Note that it is preferable that a recommended value of the grid interval d be defined as the following Equation (1) in accordance with a velocity V of a moving object and a transmission interval Tivi. In this case, an RSSI value can be calculated for each transmission interval Tivi. It is preferable that the grid interval d be less than or equal to the recommended value described above. The transmission interval Tivi is an interval at which the transmitter 202 periodically transmits radio signals. Note that, when the moving velocity is not the same over time, it is preferable to determine a grid interval by using the minimum velocity and to define an arrangement location of the moving object as a grid position at a timing close to a transmission timing.


d=TiviV   (1)

Next, the moving object arrangement unit 20 automatically arranges a moving object M in the layout model (step S3). For example, when simulations are performed for all the position candidates, the moving object M is deployed at each of the coordinates generated in step S2, as illustrated in (a) in FIG. 5. In this case, however, the time taken for the simulations will be long. Thus, in the present embodiment, as illustrated in (b) in FIG. 5, the moving object arrangement unit 20 selects some coordinates as representative points out of the coordinates generated in step S2 and arranges the moving objects M at the representative points. For example, the moving object arrangement unit 20 divides the moving object area into a plurality of blocks smaller than the moving object area and selects one point such as the center of each block as a representative point.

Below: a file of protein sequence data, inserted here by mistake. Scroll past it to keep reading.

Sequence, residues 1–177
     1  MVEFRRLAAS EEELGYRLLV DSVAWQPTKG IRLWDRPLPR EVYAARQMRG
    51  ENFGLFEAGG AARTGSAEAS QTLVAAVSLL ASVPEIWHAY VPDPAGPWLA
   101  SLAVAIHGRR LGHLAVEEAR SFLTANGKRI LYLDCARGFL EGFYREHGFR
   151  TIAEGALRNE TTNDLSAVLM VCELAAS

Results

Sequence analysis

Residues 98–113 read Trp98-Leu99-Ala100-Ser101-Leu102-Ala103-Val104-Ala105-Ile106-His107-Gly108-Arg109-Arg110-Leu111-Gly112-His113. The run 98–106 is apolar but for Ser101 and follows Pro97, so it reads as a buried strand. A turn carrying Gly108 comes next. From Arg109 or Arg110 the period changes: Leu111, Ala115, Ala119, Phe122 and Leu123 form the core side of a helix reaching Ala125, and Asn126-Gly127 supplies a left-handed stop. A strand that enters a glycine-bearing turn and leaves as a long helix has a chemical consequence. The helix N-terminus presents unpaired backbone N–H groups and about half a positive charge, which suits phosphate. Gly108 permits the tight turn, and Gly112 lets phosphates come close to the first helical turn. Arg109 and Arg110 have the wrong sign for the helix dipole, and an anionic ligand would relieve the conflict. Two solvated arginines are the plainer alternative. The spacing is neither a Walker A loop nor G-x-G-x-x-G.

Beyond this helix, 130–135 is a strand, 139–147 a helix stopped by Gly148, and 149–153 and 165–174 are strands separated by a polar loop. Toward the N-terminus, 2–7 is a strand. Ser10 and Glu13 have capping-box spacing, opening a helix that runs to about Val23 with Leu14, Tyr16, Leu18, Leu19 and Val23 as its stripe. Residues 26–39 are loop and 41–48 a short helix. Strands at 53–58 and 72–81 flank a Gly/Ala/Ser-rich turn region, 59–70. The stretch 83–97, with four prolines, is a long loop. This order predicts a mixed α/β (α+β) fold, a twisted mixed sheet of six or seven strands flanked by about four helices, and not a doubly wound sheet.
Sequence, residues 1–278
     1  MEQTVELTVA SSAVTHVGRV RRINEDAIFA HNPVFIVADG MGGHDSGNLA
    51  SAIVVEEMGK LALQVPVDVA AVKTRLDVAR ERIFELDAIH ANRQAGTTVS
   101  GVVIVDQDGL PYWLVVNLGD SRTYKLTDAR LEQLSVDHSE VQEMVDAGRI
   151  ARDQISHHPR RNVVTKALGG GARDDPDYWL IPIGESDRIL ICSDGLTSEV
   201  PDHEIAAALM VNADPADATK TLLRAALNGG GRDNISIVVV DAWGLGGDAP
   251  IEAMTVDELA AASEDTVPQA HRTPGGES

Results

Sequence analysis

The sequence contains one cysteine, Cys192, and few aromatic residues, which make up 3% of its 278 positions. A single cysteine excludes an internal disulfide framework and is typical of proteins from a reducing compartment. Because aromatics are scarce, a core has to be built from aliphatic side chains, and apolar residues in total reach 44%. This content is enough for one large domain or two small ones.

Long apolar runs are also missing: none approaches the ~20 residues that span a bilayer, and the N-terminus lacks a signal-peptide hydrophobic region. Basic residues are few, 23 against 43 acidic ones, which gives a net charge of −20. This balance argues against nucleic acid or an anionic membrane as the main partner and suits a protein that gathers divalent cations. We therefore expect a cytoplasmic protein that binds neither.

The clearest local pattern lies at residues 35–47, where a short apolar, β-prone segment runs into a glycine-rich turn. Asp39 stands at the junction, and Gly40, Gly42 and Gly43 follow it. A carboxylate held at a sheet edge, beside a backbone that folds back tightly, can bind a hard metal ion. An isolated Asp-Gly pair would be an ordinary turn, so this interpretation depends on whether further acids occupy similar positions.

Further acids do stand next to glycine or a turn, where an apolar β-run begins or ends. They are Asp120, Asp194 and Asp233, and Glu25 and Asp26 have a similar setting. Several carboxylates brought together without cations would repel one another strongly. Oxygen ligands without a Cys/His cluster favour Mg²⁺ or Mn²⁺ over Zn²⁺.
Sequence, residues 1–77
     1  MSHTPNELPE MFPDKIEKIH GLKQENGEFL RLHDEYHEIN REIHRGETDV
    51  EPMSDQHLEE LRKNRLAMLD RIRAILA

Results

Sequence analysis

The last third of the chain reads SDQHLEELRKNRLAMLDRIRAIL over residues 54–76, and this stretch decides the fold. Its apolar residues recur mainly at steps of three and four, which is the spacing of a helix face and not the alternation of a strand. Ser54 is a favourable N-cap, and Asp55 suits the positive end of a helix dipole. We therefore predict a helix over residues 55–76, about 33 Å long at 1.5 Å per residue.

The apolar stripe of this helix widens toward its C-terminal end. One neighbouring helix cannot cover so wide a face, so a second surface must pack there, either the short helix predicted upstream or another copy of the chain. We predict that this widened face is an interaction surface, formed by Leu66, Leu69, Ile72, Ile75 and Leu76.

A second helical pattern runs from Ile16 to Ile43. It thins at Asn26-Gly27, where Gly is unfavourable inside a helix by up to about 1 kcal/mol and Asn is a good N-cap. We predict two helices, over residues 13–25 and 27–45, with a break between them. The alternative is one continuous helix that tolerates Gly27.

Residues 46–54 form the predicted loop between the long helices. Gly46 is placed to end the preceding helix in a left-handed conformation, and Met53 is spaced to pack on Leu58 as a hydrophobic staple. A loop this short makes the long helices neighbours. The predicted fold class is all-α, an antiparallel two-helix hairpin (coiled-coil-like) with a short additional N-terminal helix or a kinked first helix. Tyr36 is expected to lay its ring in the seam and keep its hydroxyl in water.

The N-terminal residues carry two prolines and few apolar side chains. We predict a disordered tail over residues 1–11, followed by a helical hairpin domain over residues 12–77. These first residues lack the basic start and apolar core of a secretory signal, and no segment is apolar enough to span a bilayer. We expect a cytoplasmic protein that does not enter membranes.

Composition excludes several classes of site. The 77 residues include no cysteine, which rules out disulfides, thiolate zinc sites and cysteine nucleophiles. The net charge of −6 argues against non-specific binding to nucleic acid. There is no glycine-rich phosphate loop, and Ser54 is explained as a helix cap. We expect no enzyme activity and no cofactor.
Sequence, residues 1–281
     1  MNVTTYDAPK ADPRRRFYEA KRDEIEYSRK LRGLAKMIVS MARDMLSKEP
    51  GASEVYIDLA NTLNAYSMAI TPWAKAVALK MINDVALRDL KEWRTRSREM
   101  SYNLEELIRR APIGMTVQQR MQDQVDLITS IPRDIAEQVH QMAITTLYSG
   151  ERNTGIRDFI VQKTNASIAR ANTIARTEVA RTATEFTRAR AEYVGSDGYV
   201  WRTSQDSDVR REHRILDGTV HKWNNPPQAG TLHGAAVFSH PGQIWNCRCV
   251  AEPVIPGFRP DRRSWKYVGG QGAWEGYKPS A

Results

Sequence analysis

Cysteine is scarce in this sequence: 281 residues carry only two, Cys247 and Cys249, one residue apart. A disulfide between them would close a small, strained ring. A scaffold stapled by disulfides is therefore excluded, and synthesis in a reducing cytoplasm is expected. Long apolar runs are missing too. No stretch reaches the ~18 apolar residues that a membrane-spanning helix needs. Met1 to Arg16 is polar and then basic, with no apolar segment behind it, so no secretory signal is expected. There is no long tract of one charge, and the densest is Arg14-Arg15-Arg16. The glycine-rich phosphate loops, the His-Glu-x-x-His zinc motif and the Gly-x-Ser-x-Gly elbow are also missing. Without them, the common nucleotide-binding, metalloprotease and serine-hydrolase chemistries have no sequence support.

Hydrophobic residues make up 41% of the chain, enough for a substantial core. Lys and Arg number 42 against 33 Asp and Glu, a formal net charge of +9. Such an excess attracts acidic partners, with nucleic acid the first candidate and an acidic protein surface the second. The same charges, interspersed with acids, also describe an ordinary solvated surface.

Next, the simulation unit 30 calculates an RSSI value by a radio wave propagation simulation for the representative points selected in step S3 (step S4). Note that a ray trace simulation or the like can be used for a radio wave propagation simulation. The ray trace simulation can simulate an RSSI value for each path from the transmitter 202 to the receiver 201. Note that, since the same radio wave propagation simulation is performed for other transmitters 202, results of the radio wave propagation simulations can be obtained for all of the transmitters 202.

Next, the selection unit 40 selects a probability distribution in accordance with a state of an incoming wave (for example, whether the incoming wave having an RSSI value above a threshold is a direct wave or a reflected wave) for each representative point (step S5). For example, a probability distribution can be selected in accordance with whether the dominant incoming wave is a direct wave or a reflected wave. Specifically, it is preferable to select a probability distribution in accordance with whether the incoming wave having the largest RSSI value is a direct wave or a reflected wave.